BOB SEGER - WE'VE GOT TONIGHT 1978
I also discover the Rolling Stones around this period through their “come back” (the first of many!) song “Emotional Rescue” with Mick on high falsetto vocals
Through all fads, trends, seasons and changes in musical tastes it’s these artists, first listened to in my late teens which remain and continue to remain the unchanging bedrocks in the pantheon of my all-time legends
February 1981 – Schools out for good and I’m off to Rhodes University to do my B.Com. My sound system, turntable, amplifier, 4 foot high (!) Pioneer speakers and all chords and accessories plus more than 50 albums make the journey with me (much to my dad’s disgust since everything had to be packed up and brought home by car each term!). Musically punk is already dead (Punk was not for me!) and it’s the time of the new wave/ new romantics – I’m into Duran Duran, Depeche Mode, Human League and Ultravox at this time. I meet a guy from the UK who is into heavy metal and we spend hours in his room listening to Deep Purple, Judas Priest and Whitesnake – unfortunately just too heavy for me !
We get several top local bands putting on live concerts on the Rhodes campus in the early 80s – Juluka, eVoid and Dog Detachment being some of my favorites.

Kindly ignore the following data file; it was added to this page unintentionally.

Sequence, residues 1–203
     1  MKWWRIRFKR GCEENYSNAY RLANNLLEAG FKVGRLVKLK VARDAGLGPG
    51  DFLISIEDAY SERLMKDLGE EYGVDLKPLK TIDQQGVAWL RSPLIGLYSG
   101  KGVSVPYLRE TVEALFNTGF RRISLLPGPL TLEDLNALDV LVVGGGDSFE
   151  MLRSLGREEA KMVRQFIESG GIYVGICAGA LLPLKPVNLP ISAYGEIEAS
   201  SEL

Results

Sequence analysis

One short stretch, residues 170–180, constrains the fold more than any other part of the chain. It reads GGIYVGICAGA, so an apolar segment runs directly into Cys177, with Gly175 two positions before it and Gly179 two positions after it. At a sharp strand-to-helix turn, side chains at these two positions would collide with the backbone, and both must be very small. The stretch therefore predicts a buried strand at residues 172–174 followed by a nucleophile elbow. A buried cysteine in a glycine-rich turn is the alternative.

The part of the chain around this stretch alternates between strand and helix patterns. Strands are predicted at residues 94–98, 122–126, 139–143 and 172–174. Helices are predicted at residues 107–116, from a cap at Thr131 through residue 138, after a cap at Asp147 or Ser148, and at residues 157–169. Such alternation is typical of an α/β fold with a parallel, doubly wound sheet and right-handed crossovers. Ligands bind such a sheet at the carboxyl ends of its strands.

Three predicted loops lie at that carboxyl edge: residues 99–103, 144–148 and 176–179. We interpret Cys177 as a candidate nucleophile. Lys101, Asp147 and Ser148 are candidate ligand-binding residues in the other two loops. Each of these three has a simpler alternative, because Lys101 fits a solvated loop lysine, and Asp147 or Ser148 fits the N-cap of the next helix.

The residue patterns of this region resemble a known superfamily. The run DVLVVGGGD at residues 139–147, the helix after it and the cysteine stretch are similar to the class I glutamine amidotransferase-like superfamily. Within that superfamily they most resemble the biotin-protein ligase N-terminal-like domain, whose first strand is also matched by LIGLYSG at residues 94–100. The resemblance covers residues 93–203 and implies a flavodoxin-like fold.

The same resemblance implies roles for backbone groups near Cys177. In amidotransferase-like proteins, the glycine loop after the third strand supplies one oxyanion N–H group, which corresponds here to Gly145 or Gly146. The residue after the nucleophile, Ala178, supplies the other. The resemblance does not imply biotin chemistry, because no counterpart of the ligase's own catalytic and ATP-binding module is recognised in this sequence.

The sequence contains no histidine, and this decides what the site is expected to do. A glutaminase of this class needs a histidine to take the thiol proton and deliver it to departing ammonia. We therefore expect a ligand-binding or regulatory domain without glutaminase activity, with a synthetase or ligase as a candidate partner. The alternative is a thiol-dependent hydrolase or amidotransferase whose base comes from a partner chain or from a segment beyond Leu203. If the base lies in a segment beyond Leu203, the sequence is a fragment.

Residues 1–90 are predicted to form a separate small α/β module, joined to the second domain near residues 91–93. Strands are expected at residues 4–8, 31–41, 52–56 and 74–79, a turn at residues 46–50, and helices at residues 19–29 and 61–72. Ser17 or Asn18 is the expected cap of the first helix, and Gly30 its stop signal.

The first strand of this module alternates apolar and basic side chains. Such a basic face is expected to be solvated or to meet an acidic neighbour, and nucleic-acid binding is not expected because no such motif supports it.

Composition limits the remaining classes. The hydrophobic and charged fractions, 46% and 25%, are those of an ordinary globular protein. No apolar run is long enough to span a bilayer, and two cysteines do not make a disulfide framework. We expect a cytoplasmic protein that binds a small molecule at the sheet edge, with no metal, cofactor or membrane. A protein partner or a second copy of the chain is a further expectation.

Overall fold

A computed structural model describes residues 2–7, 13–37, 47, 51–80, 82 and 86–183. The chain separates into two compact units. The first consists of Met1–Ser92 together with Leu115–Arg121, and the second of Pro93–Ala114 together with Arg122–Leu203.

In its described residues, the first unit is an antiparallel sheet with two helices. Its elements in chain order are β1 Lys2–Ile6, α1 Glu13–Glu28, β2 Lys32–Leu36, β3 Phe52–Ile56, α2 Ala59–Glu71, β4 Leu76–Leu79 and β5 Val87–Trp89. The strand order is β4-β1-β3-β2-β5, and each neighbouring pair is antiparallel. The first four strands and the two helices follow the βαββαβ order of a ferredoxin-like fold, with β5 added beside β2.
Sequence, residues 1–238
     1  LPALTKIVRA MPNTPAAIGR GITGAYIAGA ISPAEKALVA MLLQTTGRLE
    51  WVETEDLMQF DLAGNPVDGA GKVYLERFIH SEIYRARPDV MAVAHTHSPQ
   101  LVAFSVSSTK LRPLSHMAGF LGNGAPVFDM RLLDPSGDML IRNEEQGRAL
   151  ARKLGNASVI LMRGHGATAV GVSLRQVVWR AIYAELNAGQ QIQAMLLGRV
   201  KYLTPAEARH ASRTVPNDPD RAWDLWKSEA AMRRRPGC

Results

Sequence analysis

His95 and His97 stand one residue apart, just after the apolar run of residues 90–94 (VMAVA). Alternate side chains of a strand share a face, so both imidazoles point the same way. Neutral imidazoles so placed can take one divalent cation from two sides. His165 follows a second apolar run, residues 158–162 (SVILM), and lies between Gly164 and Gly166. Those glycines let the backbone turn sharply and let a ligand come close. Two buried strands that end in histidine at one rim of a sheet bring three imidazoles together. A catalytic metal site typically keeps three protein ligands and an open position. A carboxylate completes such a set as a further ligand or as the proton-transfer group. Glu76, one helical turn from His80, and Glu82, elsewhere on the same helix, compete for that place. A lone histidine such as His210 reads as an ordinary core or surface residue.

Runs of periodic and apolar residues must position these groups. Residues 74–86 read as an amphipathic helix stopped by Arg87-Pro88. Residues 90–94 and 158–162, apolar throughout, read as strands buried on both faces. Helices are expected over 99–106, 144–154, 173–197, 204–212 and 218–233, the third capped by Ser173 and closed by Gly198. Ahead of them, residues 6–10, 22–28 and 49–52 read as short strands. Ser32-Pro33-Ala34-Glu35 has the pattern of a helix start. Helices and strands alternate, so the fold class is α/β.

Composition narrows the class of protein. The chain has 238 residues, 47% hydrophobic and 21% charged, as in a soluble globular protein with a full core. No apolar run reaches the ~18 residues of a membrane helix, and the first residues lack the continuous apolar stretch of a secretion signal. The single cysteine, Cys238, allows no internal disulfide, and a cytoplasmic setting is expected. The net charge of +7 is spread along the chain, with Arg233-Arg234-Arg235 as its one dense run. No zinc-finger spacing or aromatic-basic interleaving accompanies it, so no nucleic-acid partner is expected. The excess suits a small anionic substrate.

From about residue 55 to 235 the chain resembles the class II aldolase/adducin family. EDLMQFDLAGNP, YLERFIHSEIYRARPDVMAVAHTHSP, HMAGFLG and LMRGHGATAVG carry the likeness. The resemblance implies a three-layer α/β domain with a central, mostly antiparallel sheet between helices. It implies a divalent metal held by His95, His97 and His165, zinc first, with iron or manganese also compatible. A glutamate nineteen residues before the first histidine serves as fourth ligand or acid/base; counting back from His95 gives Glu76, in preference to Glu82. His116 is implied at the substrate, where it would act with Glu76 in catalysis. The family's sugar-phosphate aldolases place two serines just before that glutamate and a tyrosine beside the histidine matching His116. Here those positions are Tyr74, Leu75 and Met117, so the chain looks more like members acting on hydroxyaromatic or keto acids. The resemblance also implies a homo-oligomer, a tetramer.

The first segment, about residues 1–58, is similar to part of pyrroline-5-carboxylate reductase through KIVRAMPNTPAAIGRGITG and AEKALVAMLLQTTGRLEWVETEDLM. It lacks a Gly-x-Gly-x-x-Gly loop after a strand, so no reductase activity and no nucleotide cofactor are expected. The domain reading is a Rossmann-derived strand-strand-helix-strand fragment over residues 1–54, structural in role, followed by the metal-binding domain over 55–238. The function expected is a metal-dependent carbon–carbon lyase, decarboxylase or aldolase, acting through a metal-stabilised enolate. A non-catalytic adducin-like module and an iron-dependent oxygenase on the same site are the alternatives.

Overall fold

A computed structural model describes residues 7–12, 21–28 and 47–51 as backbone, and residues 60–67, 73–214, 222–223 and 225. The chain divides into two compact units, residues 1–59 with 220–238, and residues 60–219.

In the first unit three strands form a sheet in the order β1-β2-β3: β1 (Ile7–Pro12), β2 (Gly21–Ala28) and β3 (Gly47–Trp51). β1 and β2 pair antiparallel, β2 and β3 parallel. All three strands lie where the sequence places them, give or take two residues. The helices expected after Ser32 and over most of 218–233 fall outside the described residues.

The mid - 80s at university fly by and soon it’s 1986 and I’m starting work. Musical tastes are still largely as described above although I do discover the Irish legend Van Morrison via his “Avalon Sunset” album – celtic lyrics and mysticism at it’s finest. A British / Nigerian artist Sade (Smooth Operator) is another favorite artist who emerged during this period – ultimate smooth !
VAN MORRISON -ORANGEFIELD, 1988
In 1988 it all stopped ……….
Well, for me at least.
That’s the year I believe great music died – my friends sometimes give me a hard time about this but I genuinely will hardly listen to anything after 1988 as you’ll see from my posts on here – if it’s after ’88 it will always be a live performance of an earlier recording.
Don’t get me wrong - there are 1 or 2 artists who have emerged post ’88 who definitely do it for me – David Gray for one comes to mind - but in general I simply don’t believe the artists and music output of the past 30 years can withstand comparison with that of the previous 30.
I sold many of my over 400 LP’s to get funds to buy the new-fangled CD’s when they came out in South Africa the late 80s (now much regretted). I continue going to the live concerts, collecting the newer music and devouring the biographies of my favorite artists who emerged in the 60’s, 70s and 80s.
Over the past few years I’ve made a return to the turntable and vinyls (70 survived) and the sound is better than ever - this time thankfully played through speakers which are only 30 cm high.
As Kim Wheeler, our noted Bebee music commentator, notes one’s personal musical journey and treasured memories are ultimately about a particular time, place, context or event which a specific song or album evoke. Music has the power to do that.
“Hey hey, my my,
Rock n roll will never die…”
Neil Young, “Out of the Blue”, 1979